Bring it about as well as you can,
    And get you gone, you little old man!"


"You could squeeze in,
through that little
round hole," said Goody
Tiptoes. "Yes, I could," said
the Chipmunk, "but my
husband, Chippy Hackee,
bites!"

Down below there was a
noise of cracking nuts and
nibbling; and then the fat
squirrel voice and the thin
squirrel voice sang--

    "For the diddlum day
    Day diddle dum di!
    Day diddle diddle dum day!"


THEN Goody peeped in at
the hole, and called
down--"Timmy Tiptoes! Oh
fie, Timmy Tiptoes!" And
Timmy replied, "Is that you,
Goody Tiptoes? Why, certainly!"

He came up and kissed
Goody through the hole; but
he was so fat that he could
not get out.

Chippy Hackee was not too
fat, but he did not want to
come; he stayed down below
and chuckled.

AND so it went on for a
fortnight; till a big wind
blew off the top of the tree,
and opened up the hole and let
in the rain.

Then Timmy Tiptoes came
out, and went home with an
umbrella.

BUT Chippy Hackee
continued to camp out for
another week, although it was
uncomfortable.

AT last a large bear came
walking through the
wood. Perhaps he also was
looking for nuts; he seemed
to be sniffing around.

CHIPPY HACKEE went
home in a hurry!

AND when Chippy Hackee
got home, he found he
had caught a cold in his head;
and he was more uncomfortable
still.

And now Timmy and
Goody Tiptoes keep their
nut-store fastened up with a
little padlock.

AND whenever that little
bird sees the Chipmunks,
he sings--"Who's-been-
digging-up MY-nuts? Who's
been digging-up MY-nuts?"
But nobody ever answers!


THE END




THE PIE
AND
THE PATTY-PAN


Pussy-cat sits by the fire--how should she be fair?
In walks the little dog--says "Pussy are you there?
How do you do mistress Pussy? Mistress Pussy, how do you do?"
"I thank you kindly, little dog, I fare as well as you!"
                                   Old Rhyme.




ONCE upon a time there was a
Pussy-cat called Ribby, who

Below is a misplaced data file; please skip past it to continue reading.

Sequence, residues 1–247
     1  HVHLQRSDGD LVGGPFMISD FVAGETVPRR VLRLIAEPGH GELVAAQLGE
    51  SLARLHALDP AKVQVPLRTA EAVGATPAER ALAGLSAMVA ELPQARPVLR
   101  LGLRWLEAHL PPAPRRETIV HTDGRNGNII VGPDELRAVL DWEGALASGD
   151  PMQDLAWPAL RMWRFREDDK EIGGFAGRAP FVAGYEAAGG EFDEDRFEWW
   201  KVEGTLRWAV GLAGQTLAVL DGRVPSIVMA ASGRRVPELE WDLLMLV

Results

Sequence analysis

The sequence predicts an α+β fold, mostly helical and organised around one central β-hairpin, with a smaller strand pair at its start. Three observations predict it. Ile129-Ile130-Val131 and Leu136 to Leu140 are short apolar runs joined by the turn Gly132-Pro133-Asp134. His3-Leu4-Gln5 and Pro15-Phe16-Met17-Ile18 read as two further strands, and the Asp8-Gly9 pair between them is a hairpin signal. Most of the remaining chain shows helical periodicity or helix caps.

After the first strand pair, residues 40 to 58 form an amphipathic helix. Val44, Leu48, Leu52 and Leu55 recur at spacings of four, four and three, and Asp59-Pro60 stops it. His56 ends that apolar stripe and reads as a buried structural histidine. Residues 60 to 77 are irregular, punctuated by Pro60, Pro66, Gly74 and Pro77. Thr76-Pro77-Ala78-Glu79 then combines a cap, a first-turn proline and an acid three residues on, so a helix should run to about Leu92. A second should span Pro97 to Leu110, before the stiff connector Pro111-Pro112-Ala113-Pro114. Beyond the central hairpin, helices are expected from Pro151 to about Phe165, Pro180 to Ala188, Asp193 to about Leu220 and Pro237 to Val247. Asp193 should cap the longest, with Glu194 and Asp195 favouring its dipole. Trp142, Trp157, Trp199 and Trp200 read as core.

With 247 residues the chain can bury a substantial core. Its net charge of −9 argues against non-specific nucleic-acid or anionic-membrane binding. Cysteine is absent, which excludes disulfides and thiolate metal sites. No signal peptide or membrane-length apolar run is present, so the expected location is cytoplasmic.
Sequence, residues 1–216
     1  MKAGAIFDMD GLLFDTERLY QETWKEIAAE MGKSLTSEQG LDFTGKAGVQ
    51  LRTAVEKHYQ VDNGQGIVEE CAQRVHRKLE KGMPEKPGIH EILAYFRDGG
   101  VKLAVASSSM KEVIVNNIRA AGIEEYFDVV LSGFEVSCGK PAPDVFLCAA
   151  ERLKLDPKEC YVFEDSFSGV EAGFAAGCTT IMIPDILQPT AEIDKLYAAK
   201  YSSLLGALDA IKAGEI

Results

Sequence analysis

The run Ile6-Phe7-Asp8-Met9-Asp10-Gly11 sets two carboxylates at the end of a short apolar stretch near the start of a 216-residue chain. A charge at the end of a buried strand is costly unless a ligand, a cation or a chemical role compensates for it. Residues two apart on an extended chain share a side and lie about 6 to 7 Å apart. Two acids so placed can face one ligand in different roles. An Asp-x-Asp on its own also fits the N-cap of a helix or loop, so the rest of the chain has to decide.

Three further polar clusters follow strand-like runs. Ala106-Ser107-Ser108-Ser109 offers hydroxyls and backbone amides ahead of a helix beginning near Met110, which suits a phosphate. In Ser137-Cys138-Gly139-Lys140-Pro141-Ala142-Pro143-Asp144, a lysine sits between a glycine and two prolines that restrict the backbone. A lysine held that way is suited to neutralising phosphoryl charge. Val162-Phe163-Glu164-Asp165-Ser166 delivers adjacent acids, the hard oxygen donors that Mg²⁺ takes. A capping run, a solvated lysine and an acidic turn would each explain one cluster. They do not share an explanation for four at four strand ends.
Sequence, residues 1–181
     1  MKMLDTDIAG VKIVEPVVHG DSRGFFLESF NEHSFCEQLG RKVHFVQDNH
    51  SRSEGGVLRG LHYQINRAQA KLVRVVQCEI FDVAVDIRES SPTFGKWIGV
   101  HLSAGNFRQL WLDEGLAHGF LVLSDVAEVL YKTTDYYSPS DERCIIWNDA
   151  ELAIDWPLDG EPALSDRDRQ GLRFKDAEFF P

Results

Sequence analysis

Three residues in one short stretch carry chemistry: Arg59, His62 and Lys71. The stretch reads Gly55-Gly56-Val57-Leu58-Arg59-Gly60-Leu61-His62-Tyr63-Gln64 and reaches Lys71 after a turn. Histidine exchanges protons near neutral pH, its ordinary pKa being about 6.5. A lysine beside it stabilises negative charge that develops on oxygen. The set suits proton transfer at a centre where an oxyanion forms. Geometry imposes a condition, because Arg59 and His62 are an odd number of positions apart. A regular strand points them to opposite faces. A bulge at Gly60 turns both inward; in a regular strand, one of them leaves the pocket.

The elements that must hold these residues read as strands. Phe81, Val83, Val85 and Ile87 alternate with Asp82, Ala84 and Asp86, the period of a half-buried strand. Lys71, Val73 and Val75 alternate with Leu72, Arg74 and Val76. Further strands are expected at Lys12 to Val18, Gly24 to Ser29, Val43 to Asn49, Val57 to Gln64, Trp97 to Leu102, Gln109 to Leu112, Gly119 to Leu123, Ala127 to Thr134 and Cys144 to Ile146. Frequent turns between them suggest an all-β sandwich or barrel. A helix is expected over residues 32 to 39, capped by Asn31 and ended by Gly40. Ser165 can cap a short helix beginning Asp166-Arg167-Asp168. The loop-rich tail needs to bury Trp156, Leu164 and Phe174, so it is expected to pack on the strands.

invited a little dog called Duchess
to tea.

"Come in good time, my dear
Duchess," said Ribby's letter, "and
we will have something so very nice.
I am baking it in a pie-dish--a pie-
dish with a pink rim. You never
tasted anything so good! And YOU
shall eat it all! _I_ will eat muffins,
my dear Duchess!" wrote Ribby.

Duchess read the letter and wrote
an answer:--"I will come with
much pleasure at a quarter past four.
But it is very strange. _I_ was just
going to invite you to come here,
to supper, my dear Ribby, to eat
something MOST DELICIOUS."

"I will come very punctually, my
dear Ribby," wrote Duchess; and
then at the end she added--"I hope
it isn't mouse?"


And then she thought that did
not look quite polite; so she scratched
out "isn't mouse" and changed
it to "I hope it will be fine," and
she gave her letter to the postman.

But she thought a great deal
about Ribby's pie, and she read
Ribby's letter over and over again.

"I am dreadfully afraid it WILL be
mouse!" said Duchess to herself--
"I really couldn't, COULDN'T eat
mouse pie. And I shall have to
eat it, because it is a party. And
MY pie was going to be veal and
ham. A pink and white pie-dish!
and so is mine; just like Ribby's
dishes; they were both bought at
Tabitha Twitchit's."

Duchess went into her larder
and took the pie off a shelf and
looked at it.

"It is all ready to put into the
oven. Such lovely pie-crust; and
I put in a little tin patty-pan to
hold up the crust; and I made a
hole in the middle with a fork to
let out the steam--Oh I do wish I
could eat my own pie, instead of a
pie made of mouse!"


Duchess considered and considered
and read Ribby' s letter again--

"A pink and white pie-dish-and
YOU shall eat it all. 'You' means
me--then Ribby is not going to
even taste the pie herself? A pink
and white pie-dish! Ribby is sure
to go out to buy the muffins. . . . .
Oh what a good idea! Why
shouldn't I rush along and put my
pie into Ribby's oven when Ribby
isn't there?"

Duchess was quite delighted
with her own cleverness!


Ribby in the meantime had
received Duchess's answer, and as
soon as she was sure that the little
dog would come--she popped HER
pie into the oven. There were two
ovens, one above the other; some
other knobs and handles were only
ornamental and not intended to
open. Ribby put the pie into the
lower oven; the door was very stiff.

"The top oven bakes too quickly,"
said Ribby to herself. "It is a
pie of the most delicate and tender
mouse minced up with bacon. And
I have taken out all the bones;
because Duchess did nearly choke
herself with a fish-bone last time I
gave a party. She eats a little fast
--rather big mouthfuls. But a
most genteel and elegant little dog
infinitely superior company to
Cousin Tabitha Twitchit."

Ribby put on some coal and
swept up the hearth. Then she
went out with a can to the well,
for water to fill up the kettle.


Then she began to set the room
in order, for it was the sitting-room
as well as the kitchen. She shook
the mats out at the front-door and
put them straight; the hearth-rug
was a rabbit-skin. She dusted the
clock and the ornaments on the
mantelpiece, and she polished and
rubbed the tables and chairs.


Then she spread a very clean
white table-cloth, and set out her
best china tea-set, which she took
out of a wall-cupboard near the
fireplace. The tea-cups were white with
a pattern of pink roses; and the
dinner-plates were white and blue.

When Ribby had laid the table
she took a jug and a blue and white